The problem with the databases
At first glance, the feature does not sound particularly innovative to the layman. Yet, it offers a first approach to solving a well-known disadvantage of serverless functions. Serverless is a technology that allows developers to write and deploy code without having to manage server or application interfaces (APIs) themselves. All of this is handled by the serverless provider. Well-known examples are AWS Lambda, Microsoft Azure, but also open source variants such as serverless. The entire architecture of a program then runs via their clouds. Therefore, this technology is often used to save costs. Provisioning, meaning the distribution of storage capacities and costs for servers during times with hardly any user traffic, are thus of little importance in budget planning. However, serverless functions do not have their own data (states). Therefore, they could not be stored permanently until now. This required an additional database. The disadvantages of databases in connection with serverless are:
- Costs: serverless is mostly "pay per call" and "pay per runtime". Establishing a connection with databases is time-consuming and accordingly expensive.
- Speed: slow connection setup to a DB can have an impact on the user experience (UX) and even lead to exclusions of serverless solutions for certain application fields. For example, this can be real-time collaborative tools such as Google Sheets and Airtable.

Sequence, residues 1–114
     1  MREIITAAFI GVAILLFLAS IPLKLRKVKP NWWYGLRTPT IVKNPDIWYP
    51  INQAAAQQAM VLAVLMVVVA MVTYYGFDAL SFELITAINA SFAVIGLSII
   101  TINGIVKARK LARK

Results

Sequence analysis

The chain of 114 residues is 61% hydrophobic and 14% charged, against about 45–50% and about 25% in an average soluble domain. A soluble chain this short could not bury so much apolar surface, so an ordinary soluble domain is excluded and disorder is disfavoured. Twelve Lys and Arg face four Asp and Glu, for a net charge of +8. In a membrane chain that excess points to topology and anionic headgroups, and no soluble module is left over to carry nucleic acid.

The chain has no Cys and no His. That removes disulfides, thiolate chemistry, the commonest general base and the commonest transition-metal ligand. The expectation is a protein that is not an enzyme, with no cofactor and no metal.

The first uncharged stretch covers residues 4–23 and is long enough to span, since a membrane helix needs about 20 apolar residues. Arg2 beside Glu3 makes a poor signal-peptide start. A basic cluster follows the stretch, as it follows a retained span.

- Location: Databases are always located in certain regions (e.g. Europe), so a user from another region will have longer access times.
Own states thanks to durable objects
Cloudflare's announcement promises nothing less than that architectures without their own server should now be able to store this data permanently. For this purpose, variables (durable objects) should be used in the code. These should always remain consistent between every function call at every location, even if millions of users are active at the same time. Critics fear that this technology is still unsuitable for certain fields of application. It is expected that "heavy data applications" with long runtimes, such as image processing pipelines, will have disadvantages in terms of speed and costs. In general, the announcement is being received positively, as serverless computing already allows developers to focus on the core product instead of worrying about managing and running servers or runtimes.
“The power to scale here without an insane infrastructure headache is amazing. One day, some kid is totally going to build a single-person billion dollar company from its mom's basement.
Automatically moving objects to be near the computation that needs it, is a long-standing dream. It's awesome to see that Cloudflare is giving it a try!”
New solution for known problem
Again and again, sticking points of serverless technology could be solved. Observability, i.e. the tracking and analysis of running processes, has long been a challenge with serverless services. Developing itself was a disadvantage at first too. Since you are dependent on the cloud operator and cannot manage and start a server yourself, there was initially no way to execute and develop the code locally on a 1-to-1 basis. Since then, solutions to these problems have already been found. Keywords here are state machines and cloud simulations on local PCs. Managing states is one of the biggest problems of serverless programming. With the promised features of Cloudflare we could be a good step closer to a solution. The Internet is therefore sure that the competition will soon follow suit.